Senior Animator - has had experience animating for several years at a high level of quality. An animation demo reel is a must. Depending on the persons reputation within the animation field, a portfolio is optional (you probably wouldn't ask to see Glen Keane's portfolio for anything other than pure entertainment. This person must display an extremely high level of understanding and application of all the above mentioned principles of animation.
Assistant Animator - same as the animation posing position.
Inbetweener - same basic skills as the animation posing position but maybe at a slightly lower level.
Color Stylist - show examples of color work you have done in watercolors, gauche, markers, and airbrush if you have it. Must have a strong sense of color values and color theory as it applies to the emotional and psychological aspects of the human mind.
Background- show examples of color work you have done in watercolors, gauche, markers, and airbrush if you have it. Must have a strong sense of color values and color theory.
Be sure your portfolio is neat and clean. This is an investment in your future. Don't cut back on the quality of the copies you're sending; get laser copies if the drawing is black and white or a color copy would be even better. Nothing smaller than 8 1/2" x 11" in a plastic sleeve booklet or no larger than a 2' x 2 1/2' portfolio. Anything larger becomes cumbersome for the viewer.
Glue the drawings to the backing paper to avoid the dreaded "slipping art" syndrome where your drawings float around inside the plastic sleeve making your presentation look sloppy. A little dab of glue stick on the back of the drawing should be enough to fix it into place.
Don't get the binder type portfolios with the one billion rings in them. The plastic sleeves tend to shrink over time and cause the binding rings to shred the sleeves whenever you turn a page. It gets messy after a while, I know, I had two of them... BIG mistake! Get the ones with 5 or 6 rings, they're much nicer and neater.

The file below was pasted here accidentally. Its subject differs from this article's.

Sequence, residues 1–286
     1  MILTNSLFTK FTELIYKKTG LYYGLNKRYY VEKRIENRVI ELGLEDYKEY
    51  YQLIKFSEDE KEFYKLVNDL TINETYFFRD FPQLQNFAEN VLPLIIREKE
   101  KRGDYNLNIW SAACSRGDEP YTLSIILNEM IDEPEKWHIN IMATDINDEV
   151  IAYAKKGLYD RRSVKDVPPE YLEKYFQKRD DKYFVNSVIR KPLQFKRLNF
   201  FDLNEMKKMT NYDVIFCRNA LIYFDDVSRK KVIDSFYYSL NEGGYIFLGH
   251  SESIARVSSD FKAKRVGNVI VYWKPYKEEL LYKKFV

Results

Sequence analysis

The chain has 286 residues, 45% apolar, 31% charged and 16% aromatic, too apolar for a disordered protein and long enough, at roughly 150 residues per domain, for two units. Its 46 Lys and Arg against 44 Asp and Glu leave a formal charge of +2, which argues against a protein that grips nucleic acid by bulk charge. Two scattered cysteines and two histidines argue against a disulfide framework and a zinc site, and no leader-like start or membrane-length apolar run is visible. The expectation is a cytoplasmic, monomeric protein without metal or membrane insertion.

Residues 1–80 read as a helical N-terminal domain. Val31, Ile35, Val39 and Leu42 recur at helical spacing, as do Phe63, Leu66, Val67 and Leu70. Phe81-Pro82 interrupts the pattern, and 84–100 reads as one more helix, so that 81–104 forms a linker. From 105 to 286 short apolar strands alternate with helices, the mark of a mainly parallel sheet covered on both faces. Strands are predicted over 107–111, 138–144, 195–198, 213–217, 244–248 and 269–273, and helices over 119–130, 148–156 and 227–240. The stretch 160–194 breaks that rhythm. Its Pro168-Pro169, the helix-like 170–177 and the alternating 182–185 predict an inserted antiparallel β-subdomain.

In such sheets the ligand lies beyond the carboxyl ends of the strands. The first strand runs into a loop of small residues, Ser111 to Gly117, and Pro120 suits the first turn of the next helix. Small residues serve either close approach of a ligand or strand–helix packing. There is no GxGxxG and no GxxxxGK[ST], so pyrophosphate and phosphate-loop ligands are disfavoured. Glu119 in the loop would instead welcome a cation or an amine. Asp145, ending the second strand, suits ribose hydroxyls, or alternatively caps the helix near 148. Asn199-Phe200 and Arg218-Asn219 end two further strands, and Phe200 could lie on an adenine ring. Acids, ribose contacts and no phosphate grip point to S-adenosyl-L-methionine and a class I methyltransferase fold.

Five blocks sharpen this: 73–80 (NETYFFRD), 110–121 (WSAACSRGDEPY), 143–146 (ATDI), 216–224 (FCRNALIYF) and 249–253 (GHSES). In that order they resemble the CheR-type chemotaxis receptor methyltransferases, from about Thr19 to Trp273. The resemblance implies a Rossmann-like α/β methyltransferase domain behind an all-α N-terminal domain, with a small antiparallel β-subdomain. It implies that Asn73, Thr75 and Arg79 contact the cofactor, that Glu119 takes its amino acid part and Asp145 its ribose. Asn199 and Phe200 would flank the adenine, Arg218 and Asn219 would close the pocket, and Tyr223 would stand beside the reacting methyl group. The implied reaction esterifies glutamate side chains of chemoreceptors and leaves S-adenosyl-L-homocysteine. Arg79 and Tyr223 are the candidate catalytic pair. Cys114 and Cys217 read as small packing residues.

Arrange your artwork in a pleasing way on the page so that there is a flow to your composition of drawings. Don't put too many drawings all on one page. It tends to clutter it up too much. Conversely, don't put just one drawing on the page unless it takes up the entire page and looks absolutely amazing. By putting this one drawing by itself you're saying, "Hey! Look at me, I'm all by myself so I must be something pretty hot... take a good long look."
You must understand that the assessor will probably spend no more than 5 seconds on a page (if that) and only longer if they see something that catches their eye, both good and bad. By having the single drawing on a page is only inviting closer scrutiny. So, if the drawing is good, do it. If it's not so good, don''t do it.
Arrange your drawings by department, meaning - keep all your life drawing together, all your object drawing together, etc., etc.
Only send copies of your work, never send an original! Only send the original if the studio specifically asks for it.
Try to have your portfolio start off strong and end it off very strong with your best pieces of work.
These days, with everyone having access to computers and some form of editing software such as Photoshop, you can pretty much create a print-ready version of your portfolio and export it as a .pdf file and send it to the studio by e-mail, (which is what some studios ask for).
The other variation is a website. Be careful here, because you can sometimes put too much stuff into a website portfolio.
Always check with the studio to find out exactly what they want to see, and then give them exactly what they want to see!